Sunday, January 5, 2020. Rev. Dr. Scott Ramsey, preaching.
Scripture Readings: Isaiah 60:1-6; Ephesians 3:1-12
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So Christmas break doesn’t always turn out the way you expect. And things don’t always turn out the way you want. This past week my family and I were visiting my parents in North Carolina, when my dad ended up in the hospital. At first we worried that he might be having a heart attack, but in time the doctors said that his heart seemed fine. However, there was a mass on his pancreas that is now the subject of our great concern. Final results from the pathology tests of that mass are still coming – we expect them in the next day or two – but it seems possible, and maybe even likely, that pancreatic cancer, and treatment for that, is in our future. I share this with you this morning, because it seems pretty possible that I may be somewhat distracted in the coming weeks, I may be more weepy than usual, and especially as an only child, there may be some days when I’ll need to be in North Carolina with them. Dad’s in good hands with his doctors, and I do not expect much interruption in my duties here, and I’ll be working closely with the other staff, the Session, and the Personnel Committee to be sure that things continue moving in a “decent and orderly” direction. But your prayers for our family are very much appreciated during this time, and I’ll keep you posted as we go along.
On a more global scale, the conflicted relationship between the United States and Iran has entered a new chapter, with assaults on an American airbase and the US Embassy in Baghdad, as the US killed a high-ranking Iranian general who was responsible for weapons and attacks that maimed and killed many American troops, and there are serious concerns about more retaliation. Impeachment proceedings are very much in the air, and the conflict between our two major parties continues in its divisive slog, all in the context of a highly fraught presidential election. Bushfires burning in Australia are currently covering over 23,000 square miles, roughly the size of West Virginia. Our friends in the United Methodist Church are poised for a significant split over disagreements about LGBT clergy and same-sex weddings, and while church splits can be a way to resolve deeply held differences, they are always painful. There’s a lot going on, and it’s easy to feel overwhelmed.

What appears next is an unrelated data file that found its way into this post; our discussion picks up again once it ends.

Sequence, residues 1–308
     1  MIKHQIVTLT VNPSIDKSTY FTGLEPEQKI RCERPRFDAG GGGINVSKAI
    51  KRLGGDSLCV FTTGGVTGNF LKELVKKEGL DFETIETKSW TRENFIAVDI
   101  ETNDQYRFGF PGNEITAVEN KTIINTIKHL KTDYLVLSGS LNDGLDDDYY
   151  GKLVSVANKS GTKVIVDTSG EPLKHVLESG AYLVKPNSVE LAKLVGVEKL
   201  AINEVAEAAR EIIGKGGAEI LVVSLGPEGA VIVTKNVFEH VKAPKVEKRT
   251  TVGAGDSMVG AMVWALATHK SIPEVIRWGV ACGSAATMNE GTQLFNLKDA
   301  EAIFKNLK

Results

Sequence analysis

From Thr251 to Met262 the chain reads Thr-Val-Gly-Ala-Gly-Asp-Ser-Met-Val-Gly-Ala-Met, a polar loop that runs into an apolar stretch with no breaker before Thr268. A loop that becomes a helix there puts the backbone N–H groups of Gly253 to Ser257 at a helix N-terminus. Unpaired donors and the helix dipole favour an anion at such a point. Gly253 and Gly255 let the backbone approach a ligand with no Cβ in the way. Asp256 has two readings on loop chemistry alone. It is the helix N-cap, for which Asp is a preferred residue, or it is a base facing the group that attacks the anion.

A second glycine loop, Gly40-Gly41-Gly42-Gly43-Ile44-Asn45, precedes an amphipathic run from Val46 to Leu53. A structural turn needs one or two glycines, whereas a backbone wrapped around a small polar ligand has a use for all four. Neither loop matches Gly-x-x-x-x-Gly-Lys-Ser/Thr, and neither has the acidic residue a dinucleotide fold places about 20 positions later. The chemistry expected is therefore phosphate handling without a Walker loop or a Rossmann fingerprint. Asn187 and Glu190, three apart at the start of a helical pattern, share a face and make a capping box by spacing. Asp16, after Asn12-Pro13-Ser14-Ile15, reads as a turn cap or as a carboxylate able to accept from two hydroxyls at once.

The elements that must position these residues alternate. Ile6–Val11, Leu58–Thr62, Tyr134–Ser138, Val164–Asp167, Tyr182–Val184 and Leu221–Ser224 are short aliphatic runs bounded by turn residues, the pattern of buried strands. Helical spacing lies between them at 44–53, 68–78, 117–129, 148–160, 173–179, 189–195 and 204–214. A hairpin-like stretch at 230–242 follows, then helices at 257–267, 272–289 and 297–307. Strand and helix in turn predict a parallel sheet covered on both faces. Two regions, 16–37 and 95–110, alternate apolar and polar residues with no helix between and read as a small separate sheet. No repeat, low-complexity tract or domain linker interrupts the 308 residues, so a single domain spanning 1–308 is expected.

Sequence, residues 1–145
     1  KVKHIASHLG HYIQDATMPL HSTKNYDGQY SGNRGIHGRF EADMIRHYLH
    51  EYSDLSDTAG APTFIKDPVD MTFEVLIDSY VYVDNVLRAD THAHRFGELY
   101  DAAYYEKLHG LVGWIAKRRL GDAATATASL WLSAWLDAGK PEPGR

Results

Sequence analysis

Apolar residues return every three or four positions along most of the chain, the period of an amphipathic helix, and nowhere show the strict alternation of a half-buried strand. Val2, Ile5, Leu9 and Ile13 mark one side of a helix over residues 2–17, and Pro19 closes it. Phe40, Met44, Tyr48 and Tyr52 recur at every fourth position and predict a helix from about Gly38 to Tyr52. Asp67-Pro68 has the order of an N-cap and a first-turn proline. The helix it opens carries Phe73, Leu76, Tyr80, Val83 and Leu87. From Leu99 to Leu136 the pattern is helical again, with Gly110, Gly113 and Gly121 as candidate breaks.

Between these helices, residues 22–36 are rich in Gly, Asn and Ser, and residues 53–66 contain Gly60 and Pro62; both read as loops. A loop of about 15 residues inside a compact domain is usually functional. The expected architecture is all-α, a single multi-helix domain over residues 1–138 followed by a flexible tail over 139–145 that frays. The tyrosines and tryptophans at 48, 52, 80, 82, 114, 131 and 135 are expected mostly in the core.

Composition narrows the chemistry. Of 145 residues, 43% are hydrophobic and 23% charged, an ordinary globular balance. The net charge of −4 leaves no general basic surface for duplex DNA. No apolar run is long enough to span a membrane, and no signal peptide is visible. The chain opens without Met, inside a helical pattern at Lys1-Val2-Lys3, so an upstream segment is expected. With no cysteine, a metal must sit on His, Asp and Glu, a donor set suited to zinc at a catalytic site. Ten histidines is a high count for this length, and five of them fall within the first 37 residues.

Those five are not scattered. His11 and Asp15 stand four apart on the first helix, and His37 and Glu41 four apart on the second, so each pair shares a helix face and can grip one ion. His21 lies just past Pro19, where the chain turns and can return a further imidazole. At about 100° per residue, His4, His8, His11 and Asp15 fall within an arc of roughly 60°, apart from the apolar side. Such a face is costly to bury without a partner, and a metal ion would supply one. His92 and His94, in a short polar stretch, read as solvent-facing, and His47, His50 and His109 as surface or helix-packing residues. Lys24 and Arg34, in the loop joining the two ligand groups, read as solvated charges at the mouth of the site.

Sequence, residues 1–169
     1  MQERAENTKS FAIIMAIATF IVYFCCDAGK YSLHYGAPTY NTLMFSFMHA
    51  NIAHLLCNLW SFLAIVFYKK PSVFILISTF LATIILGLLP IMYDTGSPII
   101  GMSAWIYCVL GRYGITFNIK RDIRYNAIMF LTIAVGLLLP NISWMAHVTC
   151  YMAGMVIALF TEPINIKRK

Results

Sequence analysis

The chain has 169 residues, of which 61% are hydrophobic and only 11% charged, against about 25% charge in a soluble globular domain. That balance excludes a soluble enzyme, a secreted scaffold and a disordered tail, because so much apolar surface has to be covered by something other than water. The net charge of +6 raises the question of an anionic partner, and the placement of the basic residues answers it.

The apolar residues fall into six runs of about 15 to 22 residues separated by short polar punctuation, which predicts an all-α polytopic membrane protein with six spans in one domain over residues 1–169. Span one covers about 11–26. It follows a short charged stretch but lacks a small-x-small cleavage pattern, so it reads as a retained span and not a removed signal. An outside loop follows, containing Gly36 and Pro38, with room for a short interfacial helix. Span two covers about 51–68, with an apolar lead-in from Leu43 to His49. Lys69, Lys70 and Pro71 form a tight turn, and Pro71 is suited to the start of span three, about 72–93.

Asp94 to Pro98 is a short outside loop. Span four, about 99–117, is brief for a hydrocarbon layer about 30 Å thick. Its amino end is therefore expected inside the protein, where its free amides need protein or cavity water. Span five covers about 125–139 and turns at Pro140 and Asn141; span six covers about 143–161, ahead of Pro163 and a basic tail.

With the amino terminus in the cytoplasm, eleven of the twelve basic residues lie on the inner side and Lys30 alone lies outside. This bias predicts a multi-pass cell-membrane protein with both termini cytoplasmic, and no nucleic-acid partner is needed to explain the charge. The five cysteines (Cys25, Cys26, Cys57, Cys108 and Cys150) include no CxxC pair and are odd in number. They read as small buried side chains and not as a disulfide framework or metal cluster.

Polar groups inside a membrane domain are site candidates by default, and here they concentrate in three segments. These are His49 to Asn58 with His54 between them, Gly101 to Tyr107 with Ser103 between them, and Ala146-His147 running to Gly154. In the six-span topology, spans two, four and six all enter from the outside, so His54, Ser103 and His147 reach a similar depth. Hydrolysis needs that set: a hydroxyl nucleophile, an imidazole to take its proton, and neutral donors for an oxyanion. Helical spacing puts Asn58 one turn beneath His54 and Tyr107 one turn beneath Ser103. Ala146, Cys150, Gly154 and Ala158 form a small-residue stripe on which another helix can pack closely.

On Epiphany Sunday, as we approach the 12th day of Christmas, the church celebrates the revelation of the light of God in Jesus Christ. This is the day when we particularly remember the revelation of the light of Christ to the magi from the East, Gentile astrologers who did not even share the same religious framework as Mary and Joseph through the star that arose over the place where the child Jesus was born. What the texts of Epiphany want us to remember is that the light does not shine in a vacuum; it shines in darkness. And the child was not born into a plush and padded environment; the child was born into a context of threat, as King Herod was threatening violent death to all the children who might threaten his grip on power.
When Isaiah 60 speaks of darkness covering the earth and gloom covering the nations, it doesn’t feel like that’s just poetic exaggeration. Whether we are talking about crises or difficulties in our personal lives, or conflicts and warfare and disasters in the lives of nations, biblical words about darkness can hit pretty close to home. Biblical texts tend to be quite clear-eyed and grounded in reality.